U.S. Supreme Court justices acknowledge and generally embrace the dominance of veteran advocates in the work of the court, according to a series of stories published by Reuters Monday.

Wilmer Cutler Pickering Hale and Dorr's Seth Waxman

In His 70th Supreme Court Argument, Waxman Takes Some Hits

By Tony Mauro |

The former solicitor general was calmly making his case before the justices, and was about to shift to a new subject when Justice Antonin Scalia impatiently cut him off. "Could I interrupt before you get to that?" Scalia asked gruffly. "You don't take breaths between sentences. It makes it hard."

Wilmer Cutler Pickering Hale and Dorr's Seth Waxman

In His 70th Supreme Court Argument, Waxman Takes Some Hits

By Tony Mauro |

The former solicitor general was calmly making his case before the justices, and was about to shift to a new subject when Justice Antonin Scalia impatiently cut him off. "Could I interrupt before you get to that?" Scalia asked gruffly. "You don't take breaths between sentences. It makes it hard."

James Duff, returning director of the Administrative Office of the U.S. Courts.

Why James Duff Agreed to Administer the Federal Judiciary—Again

By Tony Mauro |

When the call came from Chief Justice John Roberts Jr., James Duff said it wasn't a matter of it being hard to say no, but rather that "I was truly honored to be asked."

Kathryn Kolbert director of Barnard College’s Athena Center for Leadership Studies

Architect of 'Casey' Win Surveys Abortion-Rights Landscape

By Marcia Coyle |

With the focus once again on abortion and the high court, Supreme Court Brief asked Kathryn Kolbert, who argued and won Planned Parenthood of S.E. Pennsylvania v. Casey in 1992, to look back and forward at the abortion landscape.

Alyza Lewin

In Passport Case, Alyza Lewin Steps Into Her Father's Shoes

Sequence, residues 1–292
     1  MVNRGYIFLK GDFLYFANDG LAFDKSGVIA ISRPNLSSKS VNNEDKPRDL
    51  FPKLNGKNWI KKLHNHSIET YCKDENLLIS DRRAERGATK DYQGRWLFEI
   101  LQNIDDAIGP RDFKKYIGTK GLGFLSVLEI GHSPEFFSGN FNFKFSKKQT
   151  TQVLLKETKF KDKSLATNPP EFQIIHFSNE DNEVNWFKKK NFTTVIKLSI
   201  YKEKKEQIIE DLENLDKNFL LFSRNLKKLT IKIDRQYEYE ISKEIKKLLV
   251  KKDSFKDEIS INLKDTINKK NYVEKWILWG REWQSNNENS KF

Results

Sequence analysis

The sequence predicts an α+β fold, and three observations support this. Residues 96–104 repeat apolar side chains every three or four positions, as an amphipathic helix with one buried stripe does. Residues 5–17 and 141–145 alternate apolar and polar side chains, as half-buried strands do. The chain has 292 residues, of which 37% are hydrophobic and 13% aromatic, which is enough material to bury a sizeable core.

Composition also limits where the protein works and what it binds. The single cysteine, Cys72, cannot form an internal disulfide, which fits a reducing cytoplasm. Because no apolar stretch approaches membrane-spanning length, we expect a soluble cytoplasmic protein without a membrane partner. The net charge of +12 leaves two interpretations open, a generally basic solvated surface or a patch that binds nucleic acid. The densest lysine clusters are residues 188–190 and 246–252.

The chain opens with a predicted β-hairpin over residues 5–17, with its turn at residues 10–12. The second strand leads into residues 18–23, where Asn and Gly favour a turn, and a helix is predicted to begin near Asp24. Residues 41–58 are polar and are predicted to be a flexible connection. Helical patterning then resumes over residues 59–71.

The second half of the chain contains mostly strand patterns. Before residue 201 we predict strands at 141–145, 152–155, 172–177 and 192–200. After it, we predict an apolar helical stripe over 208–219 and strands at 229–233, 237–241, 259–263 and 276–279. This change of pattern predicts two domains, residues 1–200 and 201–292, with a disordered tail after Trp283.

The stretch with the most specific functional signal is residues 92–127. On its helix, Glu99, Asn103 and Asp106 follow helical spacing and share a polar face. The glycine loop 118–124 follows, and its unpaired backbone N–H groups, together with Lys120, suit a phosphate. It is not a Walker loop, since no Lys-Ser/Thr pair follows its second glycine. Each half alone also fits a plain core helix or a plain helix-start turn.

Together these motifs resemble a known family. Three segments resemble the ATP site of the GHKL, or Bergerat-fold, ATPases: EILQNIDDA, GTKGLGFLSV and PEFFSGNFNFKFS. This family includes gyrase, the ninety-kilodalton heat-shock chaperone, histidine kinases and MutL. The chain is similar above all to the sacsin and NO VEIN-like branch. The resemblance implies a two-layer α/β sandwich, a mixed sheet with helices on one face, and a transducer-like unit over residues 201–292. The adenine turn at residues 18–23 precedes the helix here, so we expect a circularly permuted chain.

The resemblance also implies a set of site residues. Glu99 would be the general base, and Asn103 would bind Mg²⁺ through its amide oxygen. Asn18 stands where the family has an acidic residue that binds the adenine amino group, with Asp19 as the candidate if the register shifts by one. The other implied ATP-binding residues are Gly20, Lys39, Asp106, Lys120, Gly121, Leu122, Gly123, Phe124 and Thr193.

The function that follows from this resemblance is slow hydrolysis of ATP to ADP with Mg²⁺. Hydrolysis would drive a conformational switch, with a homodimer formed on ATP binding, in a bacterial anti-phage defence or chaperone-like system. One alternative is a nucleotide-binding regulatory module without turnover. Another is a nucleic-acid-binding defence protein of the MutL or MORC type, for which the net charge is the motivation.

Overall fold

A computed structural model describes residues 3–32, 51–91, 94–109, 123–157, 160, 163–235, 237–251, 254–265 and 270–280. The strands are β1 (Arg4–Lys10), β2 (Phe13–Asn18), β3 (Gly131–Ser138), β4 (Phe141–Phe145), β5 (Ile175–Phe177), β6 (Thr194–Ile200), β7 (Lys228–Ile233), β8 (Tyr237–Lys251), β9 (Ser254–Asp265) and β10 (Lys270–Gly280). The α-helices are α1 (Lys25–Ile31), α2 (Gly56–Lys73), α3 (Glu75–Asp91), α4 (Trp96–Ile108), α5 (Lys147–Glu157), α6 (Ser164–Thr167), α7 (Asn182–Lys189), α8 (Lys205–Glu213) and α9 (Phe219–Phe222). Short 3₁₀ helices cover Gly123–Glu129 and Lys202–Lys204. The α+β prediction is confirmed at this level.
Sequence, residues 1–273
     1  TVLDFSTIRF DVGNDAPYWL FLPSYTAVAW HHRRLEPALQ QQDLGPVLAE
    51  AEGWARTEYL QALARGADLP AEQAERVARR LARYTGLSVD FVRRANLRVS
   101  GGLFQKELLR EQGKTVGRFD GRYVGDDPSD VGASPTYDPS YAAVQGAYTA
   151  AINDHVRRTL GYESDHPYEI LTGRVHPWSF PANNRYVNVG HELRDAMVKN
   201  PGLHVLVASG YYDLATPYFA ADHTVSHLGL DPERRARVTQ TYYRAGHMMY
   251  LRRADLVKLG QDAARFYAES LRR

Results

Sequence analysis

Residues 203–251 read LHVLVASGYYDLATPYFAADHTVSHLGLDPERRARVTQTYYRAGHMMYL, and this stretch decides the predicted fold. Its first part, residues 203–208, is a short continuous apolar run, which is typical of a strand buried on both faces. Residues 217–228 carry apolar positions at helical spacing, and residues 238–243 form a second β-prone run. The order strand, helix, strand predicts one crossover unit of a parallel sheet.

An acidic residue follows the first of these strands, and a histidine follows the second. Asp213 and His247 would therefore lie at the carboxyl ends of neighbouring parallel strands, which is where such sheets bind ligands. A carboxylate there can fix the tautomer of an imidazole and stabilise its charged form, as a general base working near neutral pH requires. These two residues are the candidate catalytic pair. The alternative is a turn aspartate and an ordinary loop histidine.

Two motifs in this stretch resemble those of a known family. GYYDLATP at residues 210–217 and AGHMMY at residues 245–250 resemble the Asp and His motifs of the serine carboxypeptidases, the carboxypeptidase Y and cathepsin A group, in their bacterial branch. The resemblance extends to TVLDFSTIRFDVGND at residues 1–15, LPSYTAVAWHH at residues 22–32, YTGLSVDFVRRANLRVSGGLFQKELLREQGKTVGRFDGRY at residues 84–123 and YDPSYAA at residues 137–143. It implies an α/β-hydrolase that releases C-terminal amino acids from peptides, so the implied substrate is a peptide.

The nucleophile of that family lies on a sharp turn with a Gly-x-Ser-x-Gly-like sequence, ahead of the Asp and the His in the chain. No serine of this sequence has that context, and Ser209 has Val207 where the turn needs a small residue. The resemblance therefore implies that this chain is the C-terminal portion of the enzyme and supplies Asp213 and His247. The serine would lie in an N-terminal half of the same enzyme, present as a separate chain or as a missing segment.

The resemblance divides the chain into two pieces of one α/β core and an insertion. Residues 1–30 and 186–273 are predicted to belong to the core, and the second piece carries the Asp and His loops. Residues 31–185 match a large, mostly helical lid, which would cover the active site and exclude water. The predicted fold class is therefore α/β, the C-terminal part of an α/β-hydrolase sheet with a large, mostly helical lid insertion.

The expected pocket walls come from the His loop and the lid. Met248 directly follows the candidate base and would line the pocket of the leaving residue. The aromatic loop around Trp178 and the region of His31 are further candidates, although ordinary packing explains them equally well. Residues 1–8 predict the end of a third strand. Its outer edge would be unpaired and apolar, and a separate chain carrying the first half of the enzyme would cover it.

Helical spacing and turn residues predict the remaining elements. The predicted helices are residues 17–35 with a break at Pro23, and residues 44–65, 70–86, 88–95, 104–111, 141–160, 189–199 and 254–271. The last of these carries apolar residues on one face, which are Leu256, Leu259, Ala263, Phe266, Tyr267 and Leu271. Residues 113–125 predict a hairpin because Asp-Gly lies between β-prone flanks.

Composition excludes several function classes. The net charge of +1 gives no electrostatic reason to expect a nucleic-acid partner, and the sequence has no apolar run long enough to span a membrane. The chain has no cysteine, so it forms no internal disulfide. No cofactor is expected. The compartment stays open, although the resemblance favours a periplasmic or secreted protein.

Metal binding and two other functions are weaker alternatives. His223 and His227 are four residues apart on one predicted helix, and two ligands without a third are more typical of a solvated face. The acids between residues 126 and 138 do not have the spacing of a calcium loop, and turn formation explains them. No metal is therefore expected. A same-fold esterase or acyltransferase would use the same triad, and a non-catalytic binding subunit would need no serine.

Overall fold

By Tony Mauro |

It was a difficult decision, made only two weeks ago. But on Nov. 3, Alyza Lewin, not her father—the veteran advocate Nathan Lewin—will argue before the U.S. Supreme Court in the landmark case Zivotofsky v. Kerry.

U.S. Supreme Court Justice Samuel A. Alito Jr.

Boutique Law Firms Celebrate at Supreme Court

By Tony Mauro |

A 10-year-old association of boutique law firms celebrated a coming of age earlier this month with a black-tie dinner at the U.S. Supreme Court, hosted by Justice Samuel Alito Jr.

William Consovoy, right, and Thomas McCarthy, left, formerly of Wiley Rein, now with their own firm, Consovoy McCarthy.

Ex-Wiley Rein Lawyers Form Appellate Boutique

By Tony Mauro |

Two Wiley Rein partners from the Washington office have left the firm—and they are taking a Supreme Court legal clinic and parts of some high-profile litigation with them.

Bancroft's Paul Clement

Docket Chat: Clement's Milestone and a Jones Day Associate's Debut

By Tony Mauro |

Amid the anticipation surrounding the U.S. Supreme Court's handling of the same-sex marriage issue, the court is proceeding with its usual docket of important, if less headline-grabbing, cases in the next two weeks.